But why would science be hitting a wall? One major factor could be the reproducibility crisis– the problem where many peer reviewed claims cannot be replicated thus calling into question the validity of the original research findings.  Researchers suggest that intense competition for funding and jobs, has resulted in the need to conduct innovative “high risk” research, in as short of a time as possible. While this type of research can gain plenty of press, they often lack the appropriate scientific rigor that ensure the findings are reliable. However, the perceived slow-down in research productivity could also be a result of the natural advancement of science- the low hanging fruit problem. Said another way, most of the easier problems have already been solved, leaving only problems that require vast scientific resources to solve.

On the other hand, researchers in some fields can rightfully pushback and argue that scientific progression is not stalling but is in fact accelerating. For example, technologies such as CRISPR and optogenetics have been able to produce a multitude of new findings particularly in the areas of neuroscience and genetics research. However, it must be noted, that even with these new technologies, the end product for general society is still relatively disappointing.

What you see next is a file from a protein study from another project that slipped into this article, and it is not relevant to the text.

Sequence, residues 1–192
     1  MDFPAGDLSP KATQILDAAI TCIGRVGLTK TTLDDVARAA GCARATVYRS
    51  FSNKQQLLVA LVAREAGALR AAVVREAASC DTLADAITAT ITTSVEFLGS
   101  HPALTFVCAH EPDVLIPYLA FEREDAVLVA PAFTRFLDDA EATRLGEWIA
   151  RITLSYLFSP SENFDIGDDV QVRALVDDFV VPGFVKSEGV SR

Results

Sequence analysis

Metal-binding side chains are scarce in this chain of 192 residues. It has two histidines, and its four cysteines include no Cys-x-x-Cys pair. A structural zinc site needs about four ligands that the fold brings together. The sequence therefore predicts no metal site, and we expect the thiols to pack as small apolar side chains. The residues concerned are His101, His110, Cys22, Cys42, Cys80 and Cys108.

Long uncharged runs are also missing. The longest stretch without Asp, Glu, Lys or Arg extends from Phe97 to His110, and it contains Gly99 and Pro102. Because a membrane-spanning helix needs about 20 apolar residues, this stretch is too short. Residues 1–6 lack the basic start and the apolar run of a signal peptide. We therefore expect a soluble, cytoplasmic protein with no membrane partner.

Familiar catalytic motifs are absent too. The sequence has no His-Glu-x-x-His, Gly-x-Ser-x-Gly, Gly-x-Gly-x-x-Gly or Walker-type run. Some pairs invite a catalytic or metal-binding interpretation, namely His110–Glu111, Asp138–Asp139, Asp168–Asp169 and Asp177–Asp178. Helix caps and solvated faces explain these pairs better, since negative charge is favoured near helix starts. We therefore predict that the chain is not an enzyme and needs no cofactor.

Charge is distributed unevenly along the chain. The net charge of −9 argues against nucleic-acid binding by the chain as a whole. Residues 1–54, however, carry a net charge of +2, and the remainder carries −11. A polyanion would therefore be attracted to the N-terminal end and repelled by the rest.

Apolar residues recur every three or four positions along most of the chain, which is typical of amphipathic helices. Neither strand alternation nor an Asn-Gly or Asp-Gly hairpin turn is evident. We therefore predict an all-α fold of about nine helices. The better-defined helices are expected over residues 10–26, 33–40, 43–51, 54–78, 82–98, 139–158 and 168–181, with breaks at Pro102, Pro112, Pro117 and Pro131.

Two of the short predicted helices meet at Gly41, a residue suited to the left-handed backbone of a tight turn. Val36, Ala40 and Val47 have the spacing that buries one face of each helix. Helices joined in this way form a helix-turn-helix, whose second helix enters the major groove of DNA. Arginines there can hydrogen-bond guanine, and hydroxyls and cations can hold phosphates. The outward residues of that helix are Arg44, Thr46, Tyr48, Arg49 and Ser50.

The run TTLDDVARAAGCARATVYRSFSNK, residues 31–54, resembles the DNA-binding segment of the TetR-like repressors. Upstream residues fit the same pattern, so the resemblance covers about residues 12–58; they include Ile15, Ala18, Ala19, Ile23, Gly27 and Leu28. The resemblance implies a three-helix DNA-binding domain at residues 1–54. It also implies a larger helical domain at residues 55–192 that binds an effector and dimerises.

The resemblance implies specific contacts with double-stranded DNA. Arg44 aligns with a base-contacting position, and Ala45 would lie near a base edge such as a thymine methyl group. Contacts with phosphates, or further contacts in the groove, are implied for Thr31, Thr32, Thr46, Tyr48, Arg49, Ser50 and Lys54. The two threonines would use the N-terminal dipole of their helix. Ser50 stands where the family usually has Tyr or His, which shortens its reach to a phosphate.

Given these concerns how scientific research moves forward raises some tough questions for the field. Given funding limitations, how much do we, as a society, value ‘pure science’- the effort to understand rather than manipulate nature? Scientific curiosity aside, in purely economic terms, is it worth understanding the out of Africa hypothesis of human origins, or sending humans to different planets? Is it worth investing in the latest innovative technology that produces new findings with limited applicability to human health? Scientists and the general society must be open to weighing the costs and benefits of scientific enterprises and deciding the avenues of research worth pursuing.

(John Horgan,  Scientific American)

Vaccine Ethics

The vaccine dilemma: how experts weigh the benefits for many against risks for a few

Cost-benefit analysis. Sure, it’s easy to do when you’re on an amazon shopping spree. But what about when millions of lives are at stake? And what if those millions of lives are of children, unable to give informed consent? Not so easy anymore, but that is the job of the Strategic Advisory Group of Experts (SAGE) for the World Health Organization, who last week decided to scale back the use of a new vaccine to protect against dengue.